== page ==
When is it safe to joke about a tragedy? Is a century enough time? How about if the tragedy involves 2 million gallons of exploded molasses?

These are the questions that weigh on actress and comedian Ayo Edebiri. The Boston native, who stars on FX hit The Bear, was once "reduced to tears" while explaining The Great Molasses Flood of 1919 to folks at a party. The flood was triggered by a busted storage tank in the city's North End, killing 23 people and injuring 150.

"It was, like, a really serious thing that happened, obviously, and everybody started laughing and I was like, 'It's not funny,'" Edebiri, 28, said during a recent appearance on Late Night With Seth Meyers. "People died of molasses. The streets smelled of molasses in the summer for 70 years after. It's nothing to laugh about."

She's right, but all these years later, there's just something about the words "molasses" and "flood" together that brings on the chuckles.

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"If a comedian starts talking about a Great Molasses Flood, it does seem like it might be a funny thing and not that people tragically died from molasses," Meyers told Edebiri, defending the heartless partygoers in the comedian's story.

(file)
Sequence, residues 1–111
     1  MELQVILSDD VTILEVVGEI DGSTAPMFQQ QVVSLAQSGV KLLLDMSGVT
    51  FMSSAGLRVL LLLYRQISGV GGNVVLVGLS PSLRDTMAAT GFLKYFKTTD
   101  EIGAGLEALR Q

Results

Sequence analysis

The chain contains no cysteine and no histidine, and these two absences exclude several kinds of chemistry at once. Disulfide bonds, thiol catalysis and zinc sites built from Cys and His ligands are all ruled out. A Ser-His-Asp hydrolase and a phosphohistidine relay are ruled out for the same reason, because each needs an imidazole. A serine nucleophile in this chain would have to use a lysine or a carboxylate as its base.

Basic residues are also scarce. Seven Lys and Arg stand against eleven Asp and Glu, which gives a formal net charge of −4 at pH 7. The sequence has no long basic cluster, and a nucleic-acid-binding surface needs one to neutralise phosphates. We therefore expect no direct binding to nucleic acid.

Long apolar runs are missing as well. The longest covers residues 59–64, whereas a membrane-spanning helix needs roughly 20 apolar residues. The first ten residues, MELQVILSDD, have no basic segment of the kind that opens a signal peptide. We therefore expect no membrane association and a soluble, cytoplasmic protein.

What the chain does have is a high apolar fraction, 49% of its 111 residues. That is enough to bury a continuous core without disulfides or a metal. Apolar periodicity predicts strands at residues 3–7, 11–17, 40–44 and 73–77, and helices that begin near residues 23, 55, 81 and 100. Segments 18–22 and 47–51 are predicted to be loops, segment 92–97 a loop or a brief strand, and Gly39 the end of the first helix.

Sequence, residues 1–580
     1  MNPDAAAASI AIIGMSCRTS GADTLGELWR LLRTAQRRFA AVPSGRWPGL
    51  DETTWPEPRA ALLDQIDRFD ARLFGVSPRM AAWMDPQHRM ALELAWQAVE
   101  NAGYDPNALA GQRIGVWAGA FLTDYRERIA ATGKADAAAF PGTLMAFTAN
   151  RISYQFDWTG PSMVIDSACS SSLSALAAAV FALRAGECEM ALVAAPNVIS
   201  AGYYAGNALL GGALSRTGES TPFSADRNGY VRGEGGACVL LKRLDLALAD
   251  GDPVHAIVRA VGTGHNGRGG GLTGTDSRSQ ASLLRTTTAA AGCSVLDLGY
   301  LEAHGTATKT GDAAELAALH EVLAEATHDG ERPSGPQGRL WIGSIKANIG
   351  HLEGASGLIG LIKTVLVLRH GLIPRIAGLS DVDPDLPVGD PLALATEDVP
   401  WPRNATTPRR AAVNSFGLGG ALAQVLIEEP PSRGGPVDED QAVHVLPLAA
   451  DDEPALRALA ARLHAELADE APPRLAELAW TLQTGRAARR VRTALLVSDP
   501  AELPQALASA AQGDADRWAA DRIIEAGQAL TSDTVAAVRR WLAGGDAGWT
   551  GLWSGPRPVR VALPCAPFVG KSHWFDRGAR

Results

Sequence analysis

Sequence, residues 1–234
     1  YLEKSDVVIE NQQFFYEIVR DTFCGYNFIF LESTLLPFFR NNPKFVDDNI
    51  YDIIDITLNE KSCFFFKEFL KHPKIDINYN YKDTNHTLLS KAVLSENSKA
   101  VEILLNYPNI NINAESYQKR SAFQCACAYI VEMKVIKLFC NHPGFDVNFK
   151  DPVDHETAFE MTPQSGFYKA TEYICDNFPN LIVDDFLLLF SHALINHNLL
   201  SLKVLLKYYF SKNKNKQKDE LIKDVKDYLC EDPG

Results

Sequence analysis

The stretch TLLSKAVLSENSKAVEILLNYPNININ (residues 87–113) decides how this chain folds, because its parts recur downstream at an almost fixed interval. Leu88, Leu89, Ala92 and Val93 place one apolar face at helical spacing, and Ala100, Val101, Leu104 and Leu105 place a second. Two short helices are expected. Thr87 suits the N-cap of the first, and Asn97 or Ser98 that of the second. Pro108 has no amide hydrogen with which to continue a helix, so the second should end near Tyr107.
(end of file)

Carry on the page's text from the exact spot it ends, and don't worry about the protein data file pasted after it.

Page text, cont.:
"Which I get," the actress said. "It's really slow. Why didn't they just run away?"

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Once the molasses burst out of its 50-foot tank at Purity Distilling Company on January 15, 1919, it hit the Boston streets at 35 mph, so maybe not as slow as you'd expect. One account referenced waist-deep molasses in some areas, noting humans and horses struggled to make it out. The cleanup took weeks, and even then a sticky film lingered for some time on just about everything folks touched in the neighborhood.

Boston Public Library
Boston Public Library

Today, a plaque marks the spot at 529 Commercial St. where the disaster happened, citing "structural defects in the tank and unseasonably warm temperatures" as the cause for the explosion.

Edebiri's interview wasn't all doom and gloom. She also told Meyers about her love for the Cool Dog, a New England ice cream treat resembling a hot dog in a bun. As if she wasn't Boston enough already, she ended the interview by telling Meyers about the time her skeptical father turned down Martin Scorcese's request to use her house in the filming of The Departed.

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